- - Tuesday, June 14, 2016

ANALYSIS/OPINION:

Toward the end of the Cold War, the U.S. and Norwegian military began storing military equipment for use in a conflict with the Soviet Union in classified caves located throughout central Norway. Luckily, the Norwegian government recognized the need to maintain the facilities after the fall of the Soviet Union. The caves are now being used again and have enough equipment prepositioned to support 15,000 U.S. Marines.

“Any gear that is forward-deployed both reduces cost and speeds up our ability to support operations in crisis, so we’re able to fall in on gear that is ready-to-go and respond to whatever that crisis may be,” Col. William Bentley, operations officer for the 2nd Marine Expeditionary Brigade, said in a statement Friday on the Norwegian deployment that called the caves classified, reports CNN.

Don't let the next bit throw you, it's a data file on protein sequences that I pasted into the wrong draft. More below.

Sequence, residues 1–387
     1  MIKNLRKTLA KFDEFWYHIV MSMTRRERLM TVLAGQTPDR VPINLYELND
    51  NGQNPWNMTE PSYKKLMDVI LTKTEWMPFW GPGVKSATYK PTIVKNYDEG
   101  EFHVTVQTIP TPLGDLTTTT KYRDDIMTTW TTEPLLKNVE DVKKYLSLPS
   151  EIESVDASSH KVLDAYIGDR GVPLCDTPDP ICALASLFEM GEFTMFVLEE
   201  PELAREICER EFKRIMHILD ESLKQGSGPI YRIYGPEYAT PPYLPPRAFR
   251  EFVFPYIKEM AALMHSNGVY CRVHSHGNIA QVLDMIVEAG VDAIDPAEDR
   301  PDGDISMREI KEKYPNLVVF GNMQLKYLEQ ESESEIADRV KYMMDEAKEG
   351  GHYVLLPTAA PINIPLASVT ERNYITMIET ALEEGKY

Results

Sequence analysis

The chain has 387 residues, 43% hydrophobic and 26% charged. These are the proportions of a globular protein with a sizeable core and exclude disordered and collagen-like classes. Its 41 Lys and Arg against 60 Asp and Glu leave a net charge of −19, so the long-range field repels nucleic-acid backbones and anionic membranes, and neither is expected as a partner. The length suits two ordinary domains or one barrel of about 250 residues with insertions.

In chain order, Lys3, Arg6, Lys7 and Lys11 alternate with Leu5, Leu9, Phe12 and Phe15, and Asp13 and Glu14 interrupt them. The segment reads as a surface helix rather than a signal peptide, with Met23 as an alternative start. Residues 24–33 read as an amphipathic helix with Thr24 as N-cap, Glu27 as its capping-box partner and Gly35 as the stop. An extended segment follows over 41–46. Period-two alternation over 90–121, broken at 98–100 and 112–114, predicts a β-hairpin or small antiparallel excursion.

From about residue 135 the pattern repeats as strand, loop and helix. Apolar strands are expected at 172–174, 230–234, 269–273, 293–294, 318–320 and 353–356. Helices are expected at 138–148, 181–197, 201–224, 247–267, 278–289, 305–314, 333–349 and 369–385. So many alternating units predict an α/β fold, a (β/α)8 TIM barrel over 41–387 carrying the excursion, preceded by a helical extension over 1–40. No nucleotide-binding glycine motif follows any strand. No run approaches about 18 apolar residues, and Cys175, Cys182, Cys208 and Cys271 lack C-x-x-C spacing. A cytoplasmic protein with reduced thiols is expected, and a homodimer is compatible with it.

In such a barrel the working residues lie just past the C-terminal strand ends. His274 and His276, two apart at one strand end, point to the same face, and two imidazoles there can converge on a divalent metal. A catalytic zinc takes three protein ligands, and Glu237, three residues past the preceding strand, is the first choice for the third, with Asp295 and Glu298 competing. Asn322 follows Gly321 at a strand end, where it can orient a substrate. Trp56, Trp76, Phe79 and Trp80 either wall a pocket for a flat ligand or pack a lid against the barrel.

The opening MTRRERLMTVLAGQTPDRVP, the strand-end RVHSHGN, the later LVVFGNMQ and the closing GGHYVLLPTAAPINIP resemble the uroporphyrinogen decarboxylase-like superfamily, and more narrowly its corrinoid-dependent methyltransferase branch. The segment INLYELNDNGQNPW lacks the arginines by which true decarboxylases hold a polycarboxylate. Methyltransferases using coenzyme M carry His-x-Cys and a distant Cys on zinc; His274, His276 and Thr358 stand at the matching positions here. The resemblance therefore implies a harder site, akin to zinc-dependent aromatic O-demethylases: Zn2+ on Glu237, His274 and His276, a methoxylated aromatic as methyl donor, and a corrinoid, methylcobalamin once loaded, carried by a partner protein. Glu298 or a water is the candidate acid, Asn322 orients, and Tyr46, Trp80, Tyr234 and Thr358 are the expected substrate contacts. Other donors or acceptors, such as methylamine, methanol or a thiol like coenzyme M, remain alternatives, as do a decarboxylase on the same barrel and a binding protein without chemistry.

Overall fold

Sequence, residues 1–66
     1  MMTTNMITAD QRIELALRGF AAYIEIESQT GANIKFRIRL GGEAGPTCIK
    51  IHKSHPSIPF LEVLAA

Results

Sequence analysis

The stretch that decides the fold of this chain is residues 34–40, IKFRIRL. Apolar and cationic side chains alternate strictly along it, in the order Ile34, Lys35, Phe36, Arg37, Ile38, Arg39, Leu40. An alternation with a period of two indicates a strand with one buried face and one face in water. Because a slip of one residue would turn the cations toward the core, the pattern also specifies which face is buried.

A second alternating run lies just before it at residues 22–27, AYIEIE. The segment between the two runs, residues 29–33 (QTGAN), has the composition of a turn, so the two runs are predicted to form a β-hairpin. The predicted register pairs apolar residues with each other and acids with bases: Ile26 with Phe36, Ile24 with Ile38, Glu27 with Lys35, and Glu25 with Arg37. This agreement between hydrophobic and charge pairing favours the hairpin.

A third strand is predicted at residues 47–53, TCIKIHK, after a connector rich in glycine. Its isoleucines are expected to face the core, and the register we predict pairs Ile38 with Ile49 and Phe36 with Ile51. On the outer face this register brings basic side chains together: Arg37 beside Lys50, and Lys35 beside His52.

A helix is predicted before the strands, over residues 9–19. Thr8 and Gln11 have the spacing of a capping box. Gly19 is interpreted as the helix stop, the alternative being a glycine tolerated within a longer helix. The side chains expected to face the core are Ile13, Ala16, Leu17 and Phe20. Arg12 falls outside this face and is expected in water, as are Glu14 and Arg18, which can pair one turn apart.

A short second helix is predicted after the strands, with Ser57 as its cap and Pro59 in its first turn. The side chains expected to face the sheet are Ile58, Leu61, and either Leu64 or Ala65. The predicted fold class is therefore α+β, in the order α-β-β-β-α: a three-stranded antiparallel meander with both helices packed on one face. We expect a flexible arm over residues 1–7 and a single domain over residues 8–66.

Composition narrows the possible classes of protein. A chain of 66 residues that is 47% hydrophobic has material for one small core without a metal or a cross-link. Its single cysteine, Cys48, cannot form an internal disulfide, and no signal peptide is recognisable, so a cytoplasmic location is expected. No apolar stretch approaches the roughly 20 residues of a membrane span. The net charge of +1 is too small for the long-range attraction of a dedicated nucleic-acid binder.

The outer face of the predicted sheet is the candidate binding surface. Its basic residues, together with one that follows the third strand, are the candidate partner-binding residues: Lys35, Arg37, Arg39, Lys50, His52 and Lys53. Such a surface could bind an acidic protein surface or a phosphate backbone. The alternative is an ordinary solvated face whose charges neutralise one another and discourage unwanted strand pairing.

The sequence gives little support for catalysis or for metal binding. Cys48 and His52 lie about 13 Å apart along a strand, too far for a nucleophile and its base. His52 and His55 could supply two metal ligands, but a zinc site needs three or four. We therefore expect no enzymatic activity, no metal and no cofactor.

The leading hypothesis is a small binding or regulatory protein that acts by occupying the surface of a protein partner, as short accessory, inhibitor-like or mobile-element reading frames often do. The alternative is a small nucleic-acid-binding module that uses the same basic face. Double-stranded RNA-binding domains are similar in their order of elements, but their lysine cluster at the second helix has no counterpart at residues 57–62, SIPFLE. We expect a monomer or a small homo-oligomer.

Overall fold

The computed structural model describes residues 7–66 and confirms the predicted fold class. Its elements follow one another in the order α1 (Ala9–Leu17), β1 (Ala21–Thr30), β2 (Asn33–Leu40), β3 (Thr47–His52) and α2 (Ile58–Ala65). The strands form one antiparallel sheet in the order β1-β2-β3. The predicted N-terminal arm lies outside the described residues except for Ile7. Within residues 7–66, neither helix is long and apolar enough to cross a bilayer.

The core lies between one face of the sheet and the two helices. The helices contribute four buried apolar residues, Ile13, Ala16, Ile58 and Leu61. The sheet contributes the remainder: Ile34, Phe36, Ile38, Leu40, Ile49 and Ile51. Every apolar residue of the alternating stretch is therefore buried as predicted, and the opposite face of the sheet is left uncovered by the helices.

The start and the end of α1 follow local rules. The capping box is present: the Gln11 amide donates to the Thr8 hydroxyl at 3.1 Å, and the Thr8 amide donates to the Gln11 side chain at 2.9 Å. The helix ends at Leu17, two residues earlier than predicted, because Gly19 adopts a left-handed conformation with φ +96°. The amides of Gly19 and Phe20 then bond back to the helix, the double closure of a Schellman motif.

Some 6,500 pieces of the equipment in the cave will be used in an upcoming training exercise, Cold Response 16, which will take place later this month, the Marines said. The exercise will include 12 NATO allies and partners, and more than 16,000 troops.

All of the Nordic countries, including non-NATO members are re-evaluating their defense posture and cooperation with the North Atlantic Treaty Organization after Russia’s behavior in Ukraine and the Baltic Sea. Russia has threatened Sweden, Finland and others with a “response” if military preparedness and exercises are increased. The Russian enclave in Kaliningrad is of special concern due to the hyper militarization of the area, which sits in the middle of the northern tier of the alliance.


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